A common misunderstanding is that by this method a hypothesis can be proven. Instead, by these methods no hypothesis can be proven, rather a hypothesis may only be disproven. A hypothesis can survive several rounds of scientific testing and be widely thought of as true (or better, predictive), but this is not the same as it having been proven. It would be better to say that the hypothesis has yet to be disproven.

A useful hypothesis allows prediction and within the accuracy of observation of the time, the prediction will be verified. As the accuracy of observation improves with time, the hypothesis may no longer provide an accurate prediction. In this case a new hypothesis will arise to challenge the old, and to the extent that the new hypothesis makes more accurate predictions than the old, the new will supplant it.


Academic publishing describes a system that is necessary in order for academic scholars to peer review the work and make it available for a wider audience. The 'system', which is probably disorganized enough not to merit the title, varies widely by field, and is also always changing, if often slowly. Most academic work is published in journal article or book form. In publishing, STM publishing is an abbreviation for academic publications in science, technology, and medicine.

Most established academic fields have their own journals and other outlets for publication, though many academic journals are somewhat interdisciplinary, and publish work from several distinct fields or subfields. The kinds of publications that are accepted as contributions of knowledge or research vary greatly between fields.

Academic publishing is undergoing major changes, emerging from the transition from the print to the electronic format. Business models are different in the electronic environment. Since about the early 1990s, licensing of electronic resources, particularly journals, was very common. Presently, a major trend, particularly with respect to scholarly journals, is open access. There are two main forms of open access: open access publishing, in which the articles or the whole journal is freely available from the time of publication, and self-archiving, where the author makes a copy of their own work freely available on the web.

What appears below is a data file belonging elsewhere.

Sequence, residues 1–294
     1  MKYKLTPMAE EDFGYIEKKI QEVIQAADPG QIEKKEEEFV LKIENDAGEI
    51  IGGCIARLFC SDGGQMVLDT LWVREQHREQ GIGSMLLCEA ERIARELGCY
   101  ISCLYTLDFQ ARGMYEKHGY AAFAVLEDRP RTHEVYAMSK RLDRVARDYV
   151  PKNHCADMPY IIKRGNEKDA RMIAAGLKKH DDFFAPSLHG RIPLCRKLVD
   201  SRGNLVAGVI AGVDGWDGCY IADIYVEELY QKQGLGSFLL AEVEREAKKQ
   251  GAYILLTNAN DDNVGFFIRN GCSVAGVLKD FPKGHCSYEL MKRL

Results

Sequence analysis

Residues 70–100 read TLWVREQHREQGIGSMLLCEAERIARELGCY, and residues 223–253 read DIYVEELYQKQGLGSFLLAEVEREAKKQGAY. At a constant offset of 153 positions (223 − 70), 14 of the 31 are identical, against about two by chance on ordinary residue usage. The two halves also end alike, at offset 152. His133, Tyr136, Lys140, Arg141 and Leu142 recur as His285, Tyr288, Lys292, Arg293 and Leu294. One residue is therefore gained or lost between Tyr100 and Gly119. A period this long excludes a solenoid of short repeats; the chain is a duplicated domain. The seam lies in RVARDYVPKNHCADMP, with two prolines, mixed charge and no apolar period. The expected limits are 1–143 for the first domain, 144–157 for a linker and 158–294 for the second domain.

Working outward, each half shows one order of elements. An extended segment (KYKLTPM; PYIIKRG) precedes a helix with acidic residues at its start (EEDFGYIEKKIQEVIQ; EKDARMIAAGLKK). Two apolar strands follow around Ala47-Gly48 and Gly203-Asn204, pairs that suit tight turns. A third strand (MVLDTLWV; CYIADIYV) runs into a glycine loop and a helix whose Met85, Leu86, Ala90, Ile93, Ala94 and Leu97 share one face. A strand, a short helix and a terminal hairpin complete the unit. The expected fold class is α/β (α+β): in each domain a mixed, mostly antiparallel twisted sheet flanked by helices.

Research fundingEdit

Main article: Research funding

Most funding for scientific research comes from two major sources, corporations (through research and development departments) and government (primarily through universities and in some cases through military contractors). Many senior researchers (such as group leaders) spend more than a trivial amount of their time applying for grants for research funds. These grants are necessary not only for researchers to carry out their research, but also as a source of merit. Some faculty positions require that the holder has received grants from certain institutions, such as the US National Institutes of Health (NIH). Government-sponsored grants (e.g. from the NIH, the National Health Service in Britain or any of the European research councils) generally have a high status.


  1. Structure of Research, Trochim, W.M.K, (2006). Research Methods Knowledge Base.

External linksEdit

See also Edit

See alsoEdit

References & BibliographyEdit

Key textsEdit



Additional materialEdit



External linksEdit

Ad blocker interference detected!

Wikia is a free-to-use site that makes money from advertising. We have a modified experience for viewers using ad blockers

Wikia is not accessible if you’ve made further modifications. Remove the custom ad blocker rule(s) and the page will load as expected.